Summer tea parties may conjure up thoughts of dainty cucumber sandwiches but, as Helen Hokin points out, the salad staple deserves so much more, working well with a variety of ingredients.


‘Hallo! Why all these cups? Why cucumber sandwiches? Why such reckless extravagance in one so young? Who is coming to tea?’ Oscar Wilde put cucumber sandwiches centre stage in The Importance of Being Earnest when Algernon devours an entire plate leaving Lady Bracknell without.

At about the same time (1895), the fashion for pausing halfway through the afternoon for a pick-me-up of tea and cucumber sandwiches started to catch on. They were served peeled, thinly sliced and laid delicately in between slices of fresh, buttered white bread – crusts cut off, of course. But apart from a cameo appearance in Wilde’s play and providing a poshmsnack for the Victorian upper crust what, you may well ask, could there be to say about a fruit (yes, technically it is one) that consists of 96 per cent water?

Dig about a bit, though, and it turns out that after 4,000 years they happen to be one of the oldest cultivated crops we know, and come with a rather interesting history. They were first discovered in Asia growing wild on the lower reaches of the Himalayas. So it’s not surprising, given the Indians’ head start on the rest of the world, that a whole repertoire of lovely, refreshing recipes with cucumber – chutneys, relishes and raitas – hail from the subcontinent.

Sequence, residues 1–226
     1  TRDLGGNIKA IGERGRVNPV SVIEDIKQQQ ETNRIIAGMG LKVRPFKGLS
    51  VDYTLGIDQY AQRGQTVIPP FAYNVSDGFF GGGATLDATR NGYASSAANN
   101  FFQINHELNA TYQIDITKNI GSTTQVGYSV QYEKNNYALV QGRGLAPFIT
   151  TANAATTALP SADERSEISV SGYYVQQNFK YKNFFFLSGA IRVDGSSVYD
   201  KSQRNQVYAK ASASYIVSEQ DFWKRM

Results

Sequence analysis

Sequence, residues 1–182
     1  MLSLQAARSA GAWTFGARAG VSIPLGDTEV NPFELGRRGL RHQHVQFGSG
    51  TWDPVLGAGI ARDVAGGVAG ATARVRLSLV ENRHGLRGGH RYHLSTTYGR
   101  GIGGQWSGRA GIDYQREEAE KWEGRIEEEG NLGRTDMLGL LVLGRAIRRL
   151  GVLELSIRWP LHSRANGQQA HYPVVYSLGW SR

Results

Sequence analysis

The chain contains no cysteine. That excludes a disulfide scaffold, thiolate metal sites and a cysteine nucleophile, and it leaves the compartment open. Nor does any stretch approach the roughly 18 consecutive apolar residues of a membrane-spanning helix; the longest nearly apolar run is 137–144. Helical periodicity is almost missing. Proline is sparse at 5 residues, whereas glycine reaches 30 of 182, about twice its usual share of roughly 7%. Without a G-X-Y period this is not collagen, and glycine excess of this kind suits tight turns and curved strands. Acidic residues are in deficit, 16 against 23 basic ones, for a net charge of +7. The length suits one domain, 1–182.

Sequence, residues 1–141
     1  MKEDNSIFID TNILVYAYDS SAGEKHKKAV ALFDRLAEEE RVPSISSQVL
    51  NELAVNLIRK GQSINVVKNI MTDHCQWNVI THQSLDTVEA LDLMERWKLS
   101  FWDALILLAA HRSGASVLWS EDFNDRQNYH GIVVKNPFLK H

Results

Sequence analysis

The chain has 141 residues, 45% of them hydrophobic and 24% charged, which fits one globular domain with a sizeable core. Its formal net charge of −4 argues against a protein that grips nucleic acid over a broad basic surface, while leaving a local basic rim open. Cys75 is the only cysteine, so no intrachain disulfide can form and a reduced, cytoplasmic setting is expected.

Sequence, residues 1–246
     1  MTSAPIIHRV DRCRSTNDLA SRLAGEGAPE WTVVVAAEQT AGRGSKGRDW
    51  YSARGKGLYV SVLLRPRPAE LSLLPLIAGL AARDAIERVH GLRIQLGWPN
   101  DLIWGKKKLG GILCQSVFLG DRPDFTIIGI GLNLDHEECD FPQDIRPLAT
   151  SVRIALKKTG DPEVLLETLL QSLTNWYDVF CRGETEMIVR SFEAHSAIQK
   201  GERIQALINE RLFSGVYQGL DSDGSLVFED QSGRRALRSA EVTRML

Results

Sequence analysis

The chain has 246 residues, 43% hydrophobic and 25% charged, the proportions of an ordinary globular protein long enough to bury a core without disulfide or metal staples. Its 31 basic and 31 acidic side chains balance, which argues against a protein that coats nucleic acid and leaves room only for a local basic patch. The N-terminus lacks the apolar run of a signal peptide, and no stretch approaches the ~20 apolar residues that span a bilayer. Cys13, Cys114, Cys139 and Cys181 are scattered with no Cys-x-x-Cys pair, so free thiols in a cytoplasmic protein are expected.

Early traders brought them west via Turkey, where they turned them into cacik, and Greece, where they became the inspiration for tsatsiki, and on into the hands of the Roman Emperor Tiberius. It’s a puzzle quite how anyone could become addicted to cucumber but by all accounts, he did, insisting on having them on the table every day and proving that eating out of step with the seasons was a food crime committed long before supermarkets tempted 20th-century shoppers that way. To get his daily quota, the Emperor made sure they were grown all year round; wheeled on trolleys out into the midday sun, and back indoors again, to be sheltered under roofs of translucent stone – the Roman take on the greenhouse – when it got nippy at night.

In northern Europe we have appreciated its cool, refreshing properties since Charlemagne ordered them to be grown on his Royal Estate, from where their popularity soon spread our way. It’s fallen out of practice now but cucumbers were once cooked and served hot more often than eaten raw. A recipe in The House-keeper’s Pocket-Book of 1739 suggests stewing, coating in flour then frying (yes, in that order) slices of cucumber. What state they would have been in by the time they were poured over roast mutton is anybody’s guess. The closest we come to cooking with cucumber is by making a soup with it, but even that is eaten cold.

Choose cucumbers that are dense and free of dark or yellowing patches. If they’ve never seen a shrink-wrapper, all the better. Cucumbers do not keep well in the fridge, they go soggy, so unless we are lucky enough to have a scorcher of a summer, leave them out. In either case, they should last up to five days. In their prime they should be aqueous and crisp to bite. You can remove the skin, but why bother when it contains most of the nutrients and in summer is unlikely to be bitter anyway?

Cucumbers are surprisingly versatile and needn’t always end up as a chopped afterthought in a last minute salad. They work with butter, chicken, chillies, coriander, crab, cream, cumin, cheese, fish, garlic, ginger, lemons and on through an entire alphabet of sumptuous ingredients that include a few surprises such as oysters, pears and pomegranates, and other stalwarts like salmon, tomato and yoghurt. And then of course in sweltering July, there’s always bread, butter and tea.



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